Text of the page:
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if we wanted to make the effert we could bring any goverment down we choose to within 3 months ,it wont be nice it wont be pretty but it can be done by simply buying the basics ,ie enough to live on and not by buying tat we dont need we are a consumperist society.i simply buy has little has possable with the exception of stella has i love her.i loath giveing the system a penny more than is needed.we dont need to riot we dont need to kill each other or hang people from lamp posts and it wont take long .

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8 hours ago, DeepLurker said:

On the other hand, buying Australian rather than French wine will hit the bottom line of small French wine producers, but not have any impact on the members of the European Commission.

Yes, but in a broader context, is it time to start taking a more protectionist outlook on an individual level to try and take back a degree of control when the government are failing to deliver brexit? I don't want a special relationship with the eu, just balanced relationships with all foreign states. Humans are tribal creatures and the borderless arrangements of the eu are creating division and resentment within society.

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I always have so I won't really be changing my buying habits, but rather just carrying on in the same vein.

Now that I've discovered Wiley Fox mobiles, I'll be buying them from now on. Obviously they're not manufactured in the UK but at least they're a UK company. 

The big one coming up for me is going to be buying a new car. I need a 4 door saloon or hatchback, so I suppose the thing to do is to figure out which one has the most UK hours in its manufacture.

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2 hours ago, blobloblob said:

I always have so I won't really be changing my buying habits, but rather just carrying on in the same vein.

Now that I've discovered Wiley Fox mobiles, I'll be buying them from now on. Obviously they're not manufactured in the UK but at least they're a UK company. 

The big one coming up for me is going to be buying a new car. I need a 4 door saloon or hatchback, so I suppose the thing to do is to figure out which one has the most UK hours in its manufacture.

You have a surprisingly big choice:

https://www.theaa.com/car-buying/cars-made-in-britain

The first time I paid decent money for a car it was a new Astra and the fact that it was made in Britain (and still is) was a big factor in that.  My previous cars were also British built (Escorts, from the days when Ford made cars here) wasn't really relevant as they were cheapo ten year old cars.

Current is sadly VW group but was an impulse buy as I had a craving for a hot hatch. I won't do it again.

Edited by Frank Hovis

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6 minutes ago, Frank Hovis said:

You have a surprisingly big choice:

https://www.theaa.com/car-buying/cars-made-in-britain

The first time I paid decent money for a car it was a new Astra and the fact that it was made in Britain (and still is) was a big factor in that.  My previous cars were also British built (Escorts, from the days when Ford made cars here) wasn't really relevant as they were cheapo ten year old cars.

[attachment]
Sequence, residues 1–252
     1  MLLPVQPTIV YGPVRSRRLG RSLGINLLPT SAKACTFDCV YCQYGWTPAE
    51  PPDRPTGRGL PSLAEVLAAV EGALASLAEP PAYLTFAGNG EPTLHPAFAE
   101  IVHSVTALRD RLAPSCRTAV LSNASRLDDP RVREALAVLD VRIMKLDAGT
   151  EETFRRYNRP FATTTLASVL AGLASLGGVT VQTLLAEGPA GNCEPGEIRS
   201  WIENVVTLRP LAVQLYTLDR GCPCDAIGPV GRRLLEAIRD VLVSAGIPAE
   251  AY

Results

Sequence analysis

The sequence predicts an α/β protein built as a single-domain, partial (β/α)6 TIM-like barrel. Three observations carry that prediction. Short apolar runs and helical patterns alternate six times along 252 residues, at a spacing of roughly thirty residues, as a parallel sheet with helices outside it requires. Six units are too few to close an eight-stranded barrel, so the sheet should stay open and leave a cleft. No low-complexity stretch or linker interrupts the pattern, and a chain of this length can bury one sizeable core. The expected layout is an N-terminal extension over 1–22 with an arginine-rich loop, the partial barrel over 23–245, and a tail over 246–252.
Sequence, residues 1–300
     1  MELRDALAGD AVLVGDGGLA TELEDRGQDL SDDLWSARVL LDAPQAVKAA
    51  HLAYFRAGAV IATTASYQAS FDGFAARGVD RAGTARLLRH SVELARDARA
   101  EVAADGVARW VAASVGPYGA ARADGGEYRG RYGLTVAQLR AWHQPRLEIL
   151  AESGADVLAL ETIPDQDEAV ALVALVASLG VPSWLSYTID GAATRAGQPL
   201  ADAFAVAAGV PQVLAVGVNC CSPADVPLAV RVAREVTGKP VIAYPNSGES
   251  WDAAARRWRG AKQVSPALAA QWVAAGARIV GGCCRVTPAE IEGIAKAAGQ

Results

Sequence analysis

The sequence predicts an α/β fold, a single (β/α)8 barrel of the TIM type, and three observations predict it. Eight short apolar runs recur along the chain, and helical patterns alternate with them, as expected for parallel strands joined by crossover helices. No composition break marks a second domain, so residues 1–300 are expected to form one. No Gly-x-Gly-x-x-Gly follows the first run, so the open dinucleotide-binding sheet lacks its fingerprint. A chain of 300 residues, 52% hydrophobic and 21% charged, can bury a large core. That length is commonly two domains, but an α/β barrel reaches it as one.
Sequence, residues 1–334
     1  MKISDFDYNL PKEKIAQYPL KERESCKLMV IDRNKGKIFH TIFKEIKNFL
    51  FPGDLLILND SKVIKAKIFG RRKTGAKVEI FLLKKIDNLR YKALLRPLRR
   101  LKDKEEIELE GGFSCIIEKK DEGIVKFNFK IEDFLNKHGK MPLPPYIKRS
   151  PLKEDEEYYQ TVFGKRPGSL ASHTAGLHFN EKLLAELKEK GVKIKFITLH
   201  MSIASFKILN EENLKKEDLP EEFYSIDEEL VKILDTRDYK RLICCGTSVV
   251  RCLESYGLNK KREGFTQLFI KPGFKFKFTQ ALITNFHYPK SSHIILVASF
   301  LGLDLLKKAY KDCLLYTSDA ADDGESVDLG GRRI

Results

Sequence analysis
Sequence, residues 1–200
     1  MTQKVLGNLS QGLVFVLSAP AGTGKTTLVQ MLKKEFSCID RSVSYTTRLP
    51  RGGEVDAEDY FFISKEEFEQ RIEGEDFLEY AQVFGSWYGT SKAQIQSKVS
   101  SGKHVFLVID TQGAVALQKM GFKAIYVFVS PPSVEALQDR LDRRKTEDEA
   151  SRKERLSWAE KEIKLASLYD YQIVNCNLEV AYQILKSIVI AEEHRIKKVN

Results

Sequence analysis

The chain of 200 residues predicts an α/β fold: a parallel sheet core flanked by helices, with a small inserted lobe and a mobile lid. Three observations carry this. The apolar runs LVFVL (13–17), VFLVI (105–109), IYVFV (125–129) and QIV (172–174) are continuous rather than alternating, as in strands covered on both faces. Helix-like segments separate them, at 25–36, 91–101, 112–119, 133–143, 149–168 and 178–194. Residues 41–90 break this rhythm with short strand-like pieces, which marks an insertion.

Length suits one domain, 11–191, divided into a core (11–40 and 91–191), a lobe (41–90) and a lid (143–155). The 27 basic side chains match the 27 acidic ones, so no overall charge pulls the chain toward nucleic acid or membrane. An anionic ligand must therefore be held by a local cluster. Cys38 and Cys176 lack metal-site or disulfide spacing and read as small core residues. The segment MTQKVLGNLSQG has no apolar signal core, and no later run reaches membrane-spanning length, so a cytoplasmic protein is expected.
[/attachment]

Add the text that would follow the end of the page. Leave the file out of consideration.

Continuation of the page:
Current is sadly VW group but was an impulse buy as I had a craving for a hot hatch. I won't do it again.

My mini is covered with union flags.  On the steering wheel, the back of the headrests.  It is made in Holland. o.O

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As a 3.5 ton van user, I do miss the British made Leyland / LDV Convoy vans. They were slow and noisy but carried a load well, were simple, rugged and ace over rough ground. The current VW is better on the motorway, but not bouncing along pot holed back roads were I spend much of my driving time.

Edited by Caravan Monster

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8 hours ago, Caravan Monster said:

Yes, but in a broader context, is it time to start taking a more protectionist outlook on an individual level to try and take back a degree of control when the government are failing to deliver brexit? I don't want a special relationship with the eu, just balanced relationships with all foreign states. Humans are tribal creatures and the borderless arrangements of the eu are creating division and resentment within society.

 

If you  want to send a message to the EU, I'd suggest this: the UK is split between the bustling major cities (pro-EU) and all the rest of the country (anti-EU). The major cities produce intellectual goods (music, insurance, banking services, etc...) while the rest of the country produces anything physical.

France is very (very) roughly split the same way. The countryside and the old industrial heartlands are feeling the effect of wage arbitration, the big cities less so. So keep on buying French wine, cheese, tomatoes, cars, etc... Anything that's physical. And make an effort to avoid French insurance companies etc...